The power of television also is apparent in the NCAA's reticence to take it away. O'Brien likely didn't need to sweat a TV ban because no college football team has received one since '94, even though the NCAA expressed a desire to bring back the penalty in '08.
A TV ban wouldn't quite be a death penalty, but it would be close. USC coach Lane Kiffin, who has successfully dealt with NCAA sanctions the past two seasons, said of a TV ban: "I think we could overcome a lot. I don't think we could do that."
Texas Tech coach Tommy Tuberville was the last NCAA football coach hampered by a TV ban -- for the '95 season at Mississippi. Ole Miss lost out on less than $2 million. Tuberville remembers small sacrifices, like a bus trip to Baton Rouge instead of a flight. He said it hurt recruiting. The ban did little to affect his program in the long run. Today, though, he would expect devastation.
"That's probably the ultimate penalty," Tuberville said. "There are teams that have been penalized and, heck, they're right back in the national championship picture. You hit them in the pocketbook, and they can't come back. That's a true restriction."
When Ramogi Huma played football at UCLA in the mid-'90s, he couldn't tell precisely how much wealthier his school had become, but signs of the rapid influx of TV wealth abounded. He looked around and saw assistant coaches driving Cadillacs. The team stayed at a Ritz-Carlton hotel the night before home games.
UCLA and other major football programs were like nouveau riche oil nations. In a short period of time, they had all kinds of money. They purchased the athletic-facility equivalent of towering skyscrapers. They lured top coaches with increasingly lucrative contracts.
Since TV turned college football into an industry, money has floated in every direction, except to the players. Huma, now the president of the advocacy group the National College Players Association, remembers how players who wanted to live off UCLA's campus had to reside several miles away just to find an affordable place. They would then have to pay out of their pocket for parking and transportation.
In '11, his organization and Drexel University studied how much a scholarship failed to cover. On average, an athlete must pay an extra $3,222 annually to cover living expenses. Their solution: Instead of further enlarging pockets of coaches and building yet another indoor practice facility, use the millions made from TV revenue to fill in the costs not covered by traditional scholarships.
Doing so for each Division I-A athlete in revenue-producing football and men's basketball would cost $47 million annually. If Title IX issues arose, the total would double.
According to the study, annual TV revenues from '11 from the Big Six conferences' TV deals equaled more than $1 billion annually. Throw in the NCAA's contract with CBS for March Madness and another $775 million exists that could be used for the benefit of athletes, who would need just $94 million under the NCPA's proposal.
Last year, football and basketball players from UCLA, Purdue, Arizona, Georgia Tech and Kentucky signed and sent a petition to the NCAA asking for the organization to use TV revenues to bridge the gap between the value of a scholarship and an athlete's actual cost of living. Huma acknowledges the petition as a first step for a conservative reform. The day will come when athletes, disgusted with not receiving any of the revenue they generate, walk off the court or field in protest. Or, they will walk into a courtroom.
"In terms of major change," Huma says, "that will happen with a lawsuit."
As players increasingly grow aware of their worth and TV dollars continue to rise, reform is likely.
In his book, Porto proposed a solution that would counteract some of the effects of the '84 court case. Although he is skeptical of an NCAA that would prioritize the well-being of athletes over revenue, he would like Congress to give the organization an antitrust exemption that would "extend to NCAA actions having commercial consequences, as long as at least one principal purpose of any such action is educational."
Such an exemption would give the NCAA power to limit coaches' salaries and eliminate the Thursday night games that hurt players academically. He also would be in favor of using TV revenues to help players make ends meet.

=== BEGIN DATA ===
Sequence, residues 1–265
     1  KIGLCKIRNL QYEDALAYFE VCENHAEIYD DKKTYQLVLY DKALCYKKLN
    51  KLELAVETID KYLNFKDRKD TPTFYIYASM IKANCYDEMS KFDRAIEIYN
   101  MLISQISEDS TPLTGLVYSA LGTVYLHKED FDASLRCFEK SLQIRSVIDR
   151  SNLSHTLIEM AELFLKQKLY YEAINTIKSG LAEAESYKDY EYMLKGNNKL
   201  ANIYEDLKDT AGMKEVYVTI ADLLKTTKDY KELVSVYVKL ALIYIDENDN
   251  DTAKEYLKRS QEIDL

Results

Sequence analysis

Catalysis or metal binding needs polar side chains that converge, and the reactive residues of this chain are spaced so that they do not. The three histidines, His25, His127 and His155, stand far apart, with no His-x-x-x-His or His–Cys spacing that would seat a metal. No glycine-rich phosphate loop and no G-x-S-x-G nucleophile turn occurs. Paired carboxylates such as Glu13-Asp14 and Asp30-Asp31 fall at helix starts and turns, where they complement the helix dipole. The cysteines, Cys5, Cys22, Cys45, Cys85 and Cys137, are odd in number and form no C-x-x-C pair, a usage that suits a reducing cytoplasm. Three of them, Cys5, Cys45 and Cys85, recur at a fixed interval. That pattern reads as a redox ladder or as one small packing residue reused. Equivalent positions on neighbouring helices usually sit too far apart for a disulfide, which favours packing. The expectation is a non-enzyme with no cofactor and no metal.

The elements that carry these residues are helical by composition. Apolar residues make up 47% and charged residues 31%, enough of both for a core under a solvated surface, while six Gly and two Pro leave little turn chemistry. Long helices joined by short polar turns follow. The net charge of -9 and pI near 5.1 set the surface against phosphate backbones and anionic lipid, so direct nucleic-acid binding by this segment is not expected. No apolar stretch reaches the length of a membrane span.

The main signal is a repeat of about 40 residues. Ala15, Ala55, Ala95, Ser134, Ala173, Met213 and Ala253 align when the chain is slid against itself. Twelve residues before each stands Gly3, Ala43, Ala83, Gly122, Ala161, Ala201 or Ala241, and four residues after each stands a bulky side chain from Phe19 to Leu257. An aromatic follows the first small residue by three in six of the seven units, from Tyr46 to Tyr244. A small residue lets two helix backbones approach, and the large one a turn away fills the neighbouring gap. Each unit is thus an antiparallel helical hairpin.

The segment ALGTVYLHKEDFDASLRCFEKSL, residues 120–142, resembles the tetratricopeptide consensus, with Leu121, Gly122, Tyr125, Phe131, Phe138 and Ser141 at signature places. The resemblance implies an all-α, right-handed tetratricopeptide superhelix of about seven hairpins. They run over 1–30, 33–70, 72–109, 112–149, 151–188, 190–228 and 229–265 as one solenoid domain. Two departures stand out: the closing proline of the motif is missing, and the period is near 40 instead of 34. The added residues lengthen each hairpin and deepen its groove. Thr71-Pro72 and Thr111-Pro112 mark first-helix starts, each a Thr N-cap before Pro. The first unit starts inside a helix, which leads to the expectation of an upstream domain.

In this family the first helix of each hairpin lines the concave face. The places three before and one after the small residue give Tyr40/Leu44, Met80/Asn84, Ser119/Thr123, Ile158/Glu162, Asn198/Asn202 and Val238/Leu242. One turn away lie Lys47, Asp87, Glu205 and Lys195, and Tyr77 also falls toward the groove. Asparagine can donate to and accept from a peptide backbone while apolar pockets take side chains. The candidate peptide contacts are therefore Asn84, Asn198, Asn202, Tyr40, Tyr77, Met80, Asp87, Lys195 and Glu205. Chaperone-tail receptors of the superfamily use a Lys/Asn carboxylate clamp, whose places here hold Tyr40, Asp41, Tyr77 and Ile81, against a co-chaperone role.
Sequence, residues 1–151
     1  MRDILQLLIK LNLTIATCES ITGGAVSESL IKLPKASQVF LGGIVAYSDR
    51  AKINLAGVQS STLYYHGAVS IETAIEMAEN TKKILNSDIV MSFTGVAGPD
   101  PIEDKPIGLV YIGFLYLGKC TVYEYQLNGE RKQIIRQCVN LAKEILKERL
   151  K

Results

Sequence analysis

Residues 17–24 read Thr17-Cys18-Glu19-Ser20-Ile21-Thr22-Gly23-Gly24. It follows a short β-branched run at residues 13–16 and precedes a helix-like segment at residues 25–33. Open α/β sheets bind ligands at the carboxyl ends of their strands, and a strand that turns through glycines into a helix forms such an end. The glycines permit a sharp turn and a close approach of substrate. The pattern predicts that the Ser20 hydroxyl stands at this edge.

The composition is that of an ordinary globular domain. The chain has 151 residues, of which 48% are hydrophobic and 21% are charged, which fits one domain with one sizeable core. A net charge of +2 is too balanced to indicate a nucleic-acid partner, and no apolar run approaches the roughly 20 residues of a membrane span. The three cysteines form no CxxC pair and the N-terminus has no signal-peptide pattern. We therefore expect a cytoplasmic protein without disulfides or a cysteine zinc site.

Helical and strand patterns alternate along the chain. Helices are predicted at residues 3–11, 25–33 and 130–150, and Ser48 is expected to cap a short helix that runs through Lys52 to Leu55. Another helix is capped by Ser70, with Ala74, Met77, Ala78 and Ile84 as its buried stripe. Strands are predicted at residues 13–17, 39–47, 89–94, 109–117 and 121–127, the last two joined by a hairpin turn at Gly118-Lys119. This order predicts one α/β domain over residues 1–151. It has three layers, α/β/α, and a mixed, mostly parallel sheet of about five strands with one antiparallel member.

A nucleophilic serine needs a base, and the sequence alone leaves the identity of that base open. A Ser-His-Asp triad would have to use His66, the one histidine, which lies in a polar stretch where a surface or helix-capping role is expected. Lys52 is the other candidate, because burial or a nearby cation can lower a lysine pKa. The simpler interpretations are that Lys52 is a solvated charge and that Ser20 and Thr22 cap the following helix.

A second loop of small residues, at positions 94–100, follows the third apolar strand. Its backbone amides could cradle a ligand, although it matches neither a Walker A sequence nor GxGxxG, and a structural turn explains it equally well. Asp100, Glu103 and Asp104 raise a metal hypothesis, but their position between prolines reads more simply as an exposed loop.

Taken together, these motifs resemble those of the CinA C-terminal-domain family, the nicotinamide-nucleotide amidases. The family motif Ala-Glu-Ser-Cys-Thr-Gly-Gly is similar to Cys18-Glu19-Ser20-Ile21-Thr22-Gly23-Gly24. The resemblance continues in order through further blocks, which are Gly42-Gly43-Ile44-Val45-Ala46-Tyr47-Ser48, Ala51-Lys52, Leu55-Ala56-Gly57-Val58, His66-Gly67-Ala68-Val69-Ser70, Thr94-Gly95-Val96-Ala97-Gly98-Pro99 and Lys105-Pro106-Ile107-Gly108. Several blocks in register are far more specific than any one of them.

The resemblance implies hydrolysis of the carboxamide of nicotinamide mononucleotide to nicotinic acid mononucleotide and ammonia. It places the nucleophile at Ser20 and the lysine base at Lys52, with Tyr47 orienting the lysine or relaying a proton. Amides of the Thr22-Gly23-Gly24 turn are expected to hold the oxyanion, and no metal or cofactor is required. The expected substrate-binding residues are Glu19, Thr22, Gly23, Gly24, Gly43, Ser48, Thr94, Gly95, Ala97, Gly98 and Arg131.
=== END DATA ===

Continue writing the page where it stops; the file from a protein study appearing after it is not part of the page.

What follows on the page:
"The biggest difficulty isn't the Congress, oddly enough," Porto said. "I think it's the unholy alliance between the athletic departments and the television networks. That's a force to be reckoned with."
Any sort of meaningful action that reduces a school's current TV revenue likely would splinter the college football landscape. The power conferences might band together, as many have theorized, and smaller Division I-A schools might give up football or de-emphasize it.
Reform by the NCAA could lead to unrest. The power universities could decide that their contracts are worth more than their continued membership in the organization.
Gary Roberts, dean of Indiana University's Robert H. McKinney School of Law who has served on NCAA committees, sees this as a possibility but not for many years because of the NCAA's importance in governing non-revenue sports.
"The bottom line is the NCAA is the glue that holds this juggernaut of an industry together," he said. "It will be a long ways away before you see them as a liability to the commercial gains of member schools."
Even without legislation, change could be on the horizon. When college football escaped the NCAA's economic control in '84, it quickly benefitted and has since. But it is susceptible to free-market forces.
Zimbalist warns that universities are living in a TV bubble right now. He said contracts for TV rights have risen because of DVR technology. Consumers use it to record and fast forward through sitcoms and dramas but not through sports. Sporting events provide a rare avenue for advertisers, but the audience likely has been maximized.
One day in the near future, Zimbalist says everyone will wake up and realize what is obvious: There is an excess of college football on TV, a surfeit of networks to show it and even more obscure networks launching.
The market could become oversaturated and the multitude of games would attract smaller, niche audiences that won't command as much in advertising dollars. Rights fees would either plateau or peak and fall.
"College athletics would have to adjust to that reality," Zimbalist said.
They would have to scale back, not to pre-'84 levels, a drastic and likely impossible turn away from commercialism.
Coats loves watching the Oklahoma Sooners. In the past 15 years working at the university, though, he has seen the business of college athletics extend beyond what he considers positive for educational institutions.
"It's always been an exciting part of our lives, and millions feel that way," he said. "But, if you look at it objectively, college sports have grown out of control."
Mark Dent: email@example.com, Twitter @mdent05.